About a month after her daughter’s abduction, Jaeger-Lane bought a Bible and started reading it. “I realized I was called to pray for my enemies,” she said, and so she began to pray for the nameless man who had taken Susie. “I’d pray things like, ‘if he’s traveling may he not have car trouble’ or ‘if he’s fishing may he have a good catch.’ Little things. But the more I prayed the easier it got.”

That’s a powerful message for listeners who can’t imagine praying for someone who had violated them in such a ruthless way.

“It was very inspirational to listen to her,” says 19-year-old Sean Stilson, a sophomore at St. Mary’s who attended the Journey of Hope session. “She initially reacted the way any person would, but through God’s grace she learned to forgive. It puts forgiveness in my own life into perspective. It’s a reminder that there are people with problems that are so much bigger than my own. If they can forgive, then I can forgive the little things in my life.”

Article taken from
Alive - Marianist Culture, faith and community

Monday, April 21, 2008

Email X or Katia at to Connect.

See more contact info & schedule in COMMENTS OR BELOW in previous posts.

"My feet are tender, I heal them by night..." X

X early on the Walk 4 Life with a "Very Spiritual" Walking Stick

Published: Apr 21, 2008 05:47 PM

Hip-hop activist protests at Central Prison By David Ranii,Staff Writer

RALEIGH — A hip hop artist and activist who is walking from New Jersey to Texas to protest the death penalty joined protesters outside Central Prison today.
Andre Latallade, who goes by the name Capital X, joined a group that gathers each Monday at 5 p.m. outside Central Prison on Western Boulevard to demonstrate against the death penalty and pray for murder victims, their families and those who are on death row, said local organizer Scott Bass. Afterward, the eight demonstrators and Capital X planned to continue their protest by walking from Central Prison to the governor's mansion.

Capital X, who says he is probably better known for his activism than his music, embarked on his 1,700-mile trek March 31st. Raleigh wasn't originally on his itinerary but he said he changed his route in order to see his mother and sister, Maria Burgos and Mary Ann Bryson, who live in Willow Spring — and in response to calls and e-mails from local supporters.

Capital X, who was born in Brooklyn and now lives in Newark, N.J., calls himself a "raptivist" — a rapper whose lyrics reflect his social activism. He is working on his first CD.

Since starting his protest march in Trenton, N.J., Capital X said he has walked a minimum of 10 hours a day.

"My feet are tender," he said. "I heal them by night and then beat them up by day." or (919) 829-4877 Please go to other info and contact #s/ urls below...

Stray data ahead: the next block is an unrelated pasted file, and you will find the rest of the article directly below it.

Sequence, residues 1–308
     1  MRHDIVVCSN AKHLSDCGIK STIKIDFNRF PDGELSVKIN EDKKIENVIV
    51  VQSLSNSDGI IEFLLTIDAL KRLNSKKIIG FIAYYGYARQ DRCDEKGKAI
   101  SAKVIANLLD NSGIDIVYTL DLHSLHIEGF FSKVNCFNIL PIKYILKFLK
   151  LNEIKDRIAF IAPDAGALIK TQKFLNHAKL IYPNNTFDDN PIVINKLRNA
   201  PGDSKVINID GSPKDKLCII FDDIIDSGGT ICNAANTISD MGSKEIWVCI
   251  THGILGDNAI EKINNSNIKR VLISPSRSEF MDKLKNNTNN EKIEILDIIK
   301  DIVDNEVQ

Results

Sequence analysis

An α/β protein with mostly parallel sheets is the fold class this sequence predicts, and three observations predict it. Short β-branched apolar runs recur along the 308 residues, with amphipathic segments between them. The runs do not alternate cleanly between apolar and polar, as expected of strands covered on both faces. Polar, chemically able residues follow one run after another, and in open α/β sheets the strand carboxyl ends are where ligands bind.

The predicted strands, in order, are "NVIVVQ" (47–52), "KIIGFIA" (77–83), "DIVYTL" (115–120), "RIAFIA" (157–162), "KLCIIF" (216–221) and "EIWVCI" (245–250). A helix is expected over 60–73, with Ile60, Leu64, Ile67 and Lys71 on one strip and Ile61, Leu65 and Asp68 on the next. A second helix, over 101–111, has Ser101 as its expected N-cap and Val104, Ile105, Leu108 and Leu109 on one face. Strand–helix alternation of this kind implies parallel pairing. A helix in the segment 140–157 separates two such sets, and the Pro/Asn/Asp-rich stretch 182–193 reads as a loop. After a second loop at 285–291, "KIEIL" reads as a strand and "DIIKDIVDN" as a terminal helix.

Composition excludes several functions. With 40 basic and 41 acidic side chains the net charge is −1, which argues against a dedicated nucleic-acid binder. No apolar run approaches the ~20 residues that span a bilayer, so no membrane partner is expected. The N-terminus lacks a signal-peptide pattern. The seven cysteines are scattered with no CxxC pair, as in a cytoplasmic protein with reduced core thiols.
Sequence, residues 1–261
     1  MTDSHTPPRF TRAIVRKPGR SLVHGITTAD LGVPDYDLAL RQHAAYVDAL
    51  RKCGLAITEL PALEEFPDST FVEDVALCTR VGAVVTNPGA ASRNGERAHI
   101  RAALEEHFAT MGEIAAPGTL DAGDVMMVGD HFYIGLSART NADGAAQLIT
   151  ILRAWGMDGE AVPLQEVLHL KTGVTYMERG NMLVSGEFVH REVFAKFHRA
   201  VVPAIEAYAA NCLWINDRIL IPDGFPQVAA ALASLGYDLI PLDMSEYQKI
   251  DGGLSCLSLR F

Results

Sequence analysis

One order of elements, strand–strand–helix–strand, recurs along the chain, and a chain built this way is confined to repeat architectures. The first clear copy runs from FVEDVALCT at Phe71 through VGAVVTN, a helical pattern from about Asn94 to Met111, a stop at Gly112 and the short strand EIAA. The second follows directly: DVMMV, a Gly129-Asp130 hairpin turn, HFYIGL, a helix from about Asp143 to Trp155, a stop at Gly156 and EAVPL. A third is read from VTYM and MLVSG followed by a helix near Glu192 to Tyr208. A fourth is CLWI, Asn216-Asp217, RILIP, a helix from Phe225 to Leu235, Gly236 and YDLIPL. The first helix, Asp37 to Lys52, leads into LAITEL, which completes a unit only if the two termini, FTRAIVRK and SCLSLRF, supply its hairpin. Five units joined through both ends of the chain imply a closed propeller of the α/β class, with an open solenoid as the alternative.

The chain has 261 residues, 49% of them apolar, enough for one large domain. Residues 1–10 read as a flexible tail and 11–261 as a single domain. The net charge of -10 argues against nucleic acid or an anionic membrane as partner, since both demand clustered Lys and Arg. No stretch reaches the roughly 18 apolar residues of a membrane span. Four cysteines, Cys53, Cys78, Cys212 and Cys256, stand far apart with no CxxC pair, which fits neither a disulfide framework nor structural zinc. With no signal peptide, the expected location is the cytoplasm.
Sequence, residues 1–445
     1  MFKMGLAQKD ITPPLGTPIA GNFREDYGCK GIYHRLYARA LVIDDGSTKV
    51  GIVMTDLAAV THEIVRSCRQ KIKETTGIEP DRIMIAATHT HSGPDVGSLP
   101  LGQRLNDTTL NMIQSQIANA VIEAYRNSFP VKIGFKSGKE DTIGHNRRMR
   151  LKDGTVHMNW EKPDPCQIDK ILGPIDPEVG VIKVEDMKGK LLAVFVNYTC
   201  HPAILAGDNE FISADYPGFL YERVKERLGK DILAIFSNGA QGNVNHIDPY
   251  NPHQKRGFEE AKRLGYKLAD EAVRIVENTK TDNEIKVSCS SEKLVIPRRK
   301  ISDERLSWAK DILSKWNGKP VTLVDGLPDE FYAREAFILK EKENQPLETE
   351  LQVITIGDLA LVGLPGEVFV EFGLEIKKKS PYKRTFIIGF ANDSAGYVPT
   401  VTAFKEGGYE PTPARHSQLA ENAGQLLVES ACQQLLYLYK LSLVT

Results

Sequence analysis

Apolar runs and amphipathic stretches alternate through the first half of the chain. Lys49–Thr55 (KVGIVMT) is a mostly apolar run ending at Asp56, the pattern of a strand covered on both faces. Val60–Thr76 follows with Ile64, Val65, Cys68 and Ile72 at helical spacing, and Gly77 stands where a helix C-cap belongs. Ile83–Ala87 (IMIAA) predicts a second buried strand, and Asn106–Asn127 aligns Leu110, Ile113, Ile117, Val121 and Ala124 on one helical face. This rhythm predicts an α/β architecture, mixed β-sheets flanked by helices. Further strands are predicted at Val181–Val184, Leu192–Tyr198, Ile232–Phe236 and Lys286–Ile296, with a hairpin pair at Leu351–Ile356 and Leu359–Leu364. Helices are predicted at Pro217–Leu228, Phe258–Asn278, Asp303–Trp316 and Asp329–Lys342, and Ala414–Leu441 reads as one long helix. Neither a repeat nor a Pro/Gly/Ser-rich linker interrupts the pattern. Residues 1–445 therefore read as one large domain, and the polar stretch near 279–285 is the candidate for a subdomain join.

Capital X and Walk 4 Life Entering South Carolina

The Walk is NOW headed through South Carolina

For now, please Call Connie Nash if you're in the South Carolina areas at
cell 828 384-1501 or home 828 884-9467

If this fails, do try Bill Pelke -- as he may be Cap. X #1 Abolitionist Supporter in US-- at 305 775-5823 . Bill's in Alaska right now having returned from transportation, etc. with X. Our Bill's remodeling and trying to take care of his health.

Please call soon to offer hospitality, transportation & transporting equipment costs, matters related to reporting, etc.

Tuesday 22: Spartanburg, SC area
Wednesday 23: Andreson, SC area
Thursday 24: Athens, GA
Friday 25: Atlanta, GA
Saturday 26: On or around this day need a ride to Columbus, GA to meet
with press and Prisoners loved one. I will walk into Columbus. I then
need to be returned up north towards ATL to walk into Alabama
Monday 28: 3 day walk to Anniston, Alabama
Wednesday 30th: 2 days walk to Birmingham, AL
Thusday 1: 4 day walk to Tupelo, MS
Monday 5: 4 day walk to Texarkana, TX
Sunday 10: 5 day walk to Dallas
Friday 16: 6 day walk to Austin

Know anyone in those areas of SC?

The WALK 4 PEACE in the Triangle will probably be a really interesting blog with photos soon! So, keep tuning in here at The JOH Blog as well as at Andre's blog...


Keep in mind that a documentary is being made of this walk (much of it by Andre himself) & some of you may want to be in that documentary or AT LEAST counted as background support!

Find great personal and descriptive blogs here of this challenging walk for us all

NOTE on cell phones FOR ALL RIGHTS FOLK:
X may right now be trying to get technical-financial? help for his phone system. A tip for any here who've been underwhelmed with costs and rights issues with many cell phones....Maybe a track phone like NOKIA? would be great for many of us activists?

NOKIA I understand was begun & still is probably "clean" from other company schemes. I understand that it was originally founded by a human rights person-- I think it's still not subject to what Verizon & others face in terms of illegal practices/non-constitutionality! And cheap! I love mine! If you want to know the problems with other cell phones simply check out the archives here and search engine verizon (other cell companies) and spying/rights issues.